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What I really didn’t like about the me3 ending was the whole lack of a true goodbye with your crew
I mean, the crew was like Shep’s family. A hug or two and a few words of luck aren’t any way to say goodbye. I was expecting like a big get together or like one last night of partying, or even just a long chat in the Normandy. It was set up to be like any other mission, not the last one. And I don’t know about you guys, but having Shepard die without really saying goodbye was the saddest thing to me.
Even worse was the goodbye you had with the person you romanced. I romanced Kaidan and all I basically got was a hug, a kiss, and a “come back safe”. By the end of the series, Shepard pretty much loved Kaidan (or any other character really) with his/her entire heart. I was expecting more, like a FREAKING ENGAGEMENT RING, tears, or something else.
It wasn’t that Shepard died that made the ending as it was, it was that you never knew how the crew reacted or even got a great goodbye from them.
I have a habit of taking notes. Not in class, when I’m supposed to, but when the people sitting in front of me are having a conversation or when the teacher has an emotional breakdown and starts crying in the middle of third period, and afterwards I’ll look down at my notebook and see lines of “I can’t take this anymore/Did you hear about what Kayla did over the weekend/Stop talking and listen! Learn to listen!”.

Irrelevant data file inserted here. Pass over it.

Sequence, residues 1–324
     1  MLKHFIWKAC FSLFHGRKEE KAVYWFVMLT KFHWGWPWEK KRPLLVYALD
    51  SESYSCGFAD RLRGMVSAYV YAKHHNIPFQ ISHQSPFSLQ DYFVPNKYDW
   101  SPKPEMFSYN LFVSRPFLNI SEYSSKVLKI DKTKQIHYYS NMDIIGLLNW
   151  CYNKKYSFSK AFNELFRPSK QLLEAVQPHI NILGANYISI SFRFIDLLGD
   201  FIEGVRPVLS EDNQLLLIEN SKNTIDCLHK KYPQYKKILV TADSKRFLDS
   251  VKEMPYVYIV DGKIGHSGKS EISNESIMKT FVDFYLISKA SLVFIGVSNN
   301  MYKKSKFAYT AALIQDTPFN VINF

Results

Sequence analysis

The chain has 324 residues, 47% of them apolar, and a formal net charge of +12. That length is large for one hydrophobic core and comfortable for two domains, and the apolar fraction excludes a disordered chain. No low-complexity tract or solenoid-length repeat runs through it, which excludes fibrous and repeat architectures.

And sometimes I don’t know where the notes come from. The other day, in English class, I found the phrase “What if we just drew bees” at the top of my otherwise empty paper.
“What if we just drew bees?” What if we did? What if that was an integral part of our society, and that was the only way to record what we were like and what we thought? What if we had to decode the intricate political policies of the 17th century through haphazard doodles of bees?
And through that ridiculous hypothetical question, the door to discussions of and reflections on our society and our normal is opened.
Sometimes silly questions are the only way to address really serious subjects. Even when we are thinkers, intellectuals, we are still people wrapped up in our little world and our way of life. We can’t be entirely objective, and many times we don’t want to be. But as soon as you introduce drawing bees? It isn’t about us. And when it isn’t about us, we can look at “us” as a silly question, too.